Ford’s Police Interceptors Beat Out Chevy, Dodge In Michigan State Police Tests2
It’s no secret that Ford has been making the best-selling police vehicles since 1996. Just looking at the overabundance of Ford Crown Vics in police fleets around the United States confirms this reality. But vehicles based on Ford’s Panther platform, the one underpinning the Ford Crown Victoria and its siblings from Mercury and Lincoln, have been discontinued, leading the Blue Oval to overhaul its offerings for the boys (and girls) in blue. And it’s those new police vehicles that recently outshines the competition from Chevrolet and Dodge in testing.
Specifically, the Ford Police Interceptor sedan (a Taurus for police use) and the Ford Police Interceptor utility (an Explorer for the cops) — both powered by Ford’s 3.5 liter EcoBoost V6 engine — beat the Chevrolet Caprice V8 and Hemi-powered Dodge Charger (for the sedan) and the V8-powered Chevrolet Tahoe (for the utility) in instrumented acceleration tests, which were conducted by the Michigan State Police.
The 2014 Police Interceptor sedan with standard all-wheel-drive and EcoBoost power accelerated from 0-60 mph in a brisk 5.66 seconds compared to the 6.04 seconds for the 5.7 liter Dodge Charger with Hemi power and optional all-wheel-drive and the 6.01 seconds for the Chevrolet Caprice with the 6.0 liter V8 engine. The gap in acceleration times widens even further in 0-100 mph tests: the Ford Police Interceptor took 13.5 seconds in running from 0-100 mph compared to the Dodge Charger’s 14.70 seconds and Chevrolet Caprice’s 14.35 seconds.
|MEASUREMENT||FORD POLICE INTERCEPTOR SEDAN 3.5L ECOBOOST V6||FORD POLICE INTERCEPTOR SEDAN 3.7L V6||CHEVROLET CAPRICE V8||DODGE CHARGER 5.7L HEMI|
So it’s clear that Ford’s for-police sedan offering is simply faster to 60 and 100 mph, but how about The Blue Oval’s police-tailored SUV? The story is nearly the same, as the Ford Police Interceptor utility (read: SUV) with all-wheel-drive and 3.5 liter EcoBoost power left competitors in the dust — posting a 0-60 mph time of 6.2 seconds and 0-100 mph time of 15.51 seconds. By contrast, the Chevrolet Tahoe with the 5.3 liter V8 engine posted a 0-60 time of 8.22 seconds and a 0-100 mph time of 21.95 seconds.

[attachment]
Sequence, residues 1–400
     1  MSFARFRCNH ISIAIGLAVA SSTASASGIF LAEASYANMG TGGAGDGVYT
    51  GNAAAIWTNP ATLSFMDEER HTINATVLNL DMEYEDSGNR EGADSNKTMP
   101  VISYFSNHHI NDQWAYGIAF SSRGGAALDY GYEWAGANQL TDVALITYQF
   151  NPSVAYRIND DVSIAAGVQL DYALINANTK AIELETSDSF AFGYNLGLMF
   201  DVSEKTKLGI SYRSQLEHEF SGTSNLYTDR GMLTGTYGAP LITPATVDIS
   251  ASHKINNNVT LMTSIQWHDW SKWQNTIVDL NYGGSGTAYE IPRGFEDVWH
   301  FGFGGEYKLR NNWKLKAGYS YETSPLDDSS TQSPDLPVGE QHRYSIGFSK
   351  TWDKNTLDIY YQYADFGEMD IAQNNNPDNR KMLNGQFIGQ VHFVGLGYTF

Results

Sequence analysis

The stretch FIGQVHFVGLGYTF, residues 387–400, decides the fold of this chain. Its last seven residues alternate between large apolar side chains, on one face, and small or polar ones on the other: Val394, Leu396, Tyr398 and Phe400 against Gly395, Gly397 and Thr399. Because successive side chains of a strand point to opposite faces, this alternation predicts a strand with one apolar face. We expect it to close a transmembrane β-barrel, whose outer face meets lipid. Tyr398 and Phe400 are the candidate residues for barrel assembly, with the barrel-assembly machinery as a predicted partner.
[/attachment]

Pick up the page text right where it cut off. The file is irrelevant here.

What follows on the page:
While the ability to accelerate fast might bring certain bragging rights to car enthusiasts, it’s an important validation of best-in-class performance that has the potential to improve public safety.
“Agencies tell us if the bad guys see the police vehicle quickly close in pursuit, they’re less likely to try to run. If this can help reduce the number of high-speed chases, then we could improve public safety on our nation’s roads”, said Bill Gubing, Ford chief engineer.
|MEASUREMENT||FORD POLICE INTERCEPTOR UTILITY 3.5L ECOBOOST V6||CHEVROLET TAHOE 5.3L|
According to Ford, its Police Interceptor utility (the SUV) “is proving particularly attractive to agencies that could use the added space and versatility it provides”. Mr. Gubing states that the Michigan State Police tests prove that police agencies don’t have to sacrifice performance for the additional space and functionality Police Interceptor utility delivers. That winning combination has resulted in 60% of Ford Police Interceptor sales being for the utility vehicle, and 40% for the sedan.
Ford also has something for police customers that don’t need all the power and speed offered by the Interceptor utility and its 3.5L EcoBoost engine. These customers can opt for the base Police Interceptor utility with the 3.7 liter naturally-aspirated V6, which is still faster than the V8-powered Chevy Tahoe. Ford’s Police Interceptor utility with the 3.7L V6 posted a 0-60 time of 8.02-second (to the Tahoe’s 8.22 seconds) and a 0-100 time of 21.0 seconds (to the Tahoe’s 21.95 seconds). Broadening Ford’s police vehicle lineup is the recent addition of the non-pursuit-rated 2.0 liter EcoBoost-powered Special Service Police sedan. Announced in September, Ford’s new offering introduces a highly fuel-efficient sedan for law enforcement agencies that don’t need to chase bad boys all day long.
The Motrolix Take
Ford’s value message with its 2.0 liter I4 and 3.5 liter V6 EcoBoost engines is one of balancing the need for speed in pursuit-rated vehicles with fuel savings. The Blue Oval states that “switching from traditional V8-equipped police vehicles to powerful but more efficient Ford EcoBoost V6 vehicles achieves” that goal.
But don’t take Ford’s word for it. The Michigan State Police instrumented tests just proved this to be the case.
What is the all-wheel-drive setup in this vehicle ?
There’s some confusion online about this, but it seems that the new SHO does not use a Haldex AWD system. Instead, it’s an in-house Ford design assembled by ZF and JTEKT. The power split is 55 percent front and 45 percent rear, but the system can shift 100 percent to the front or rear axle as necessary. As far as I know, the system can’t split power side-side, only front-back.
Let’s see what else I can dig up from some contacts at Ford directly 🙂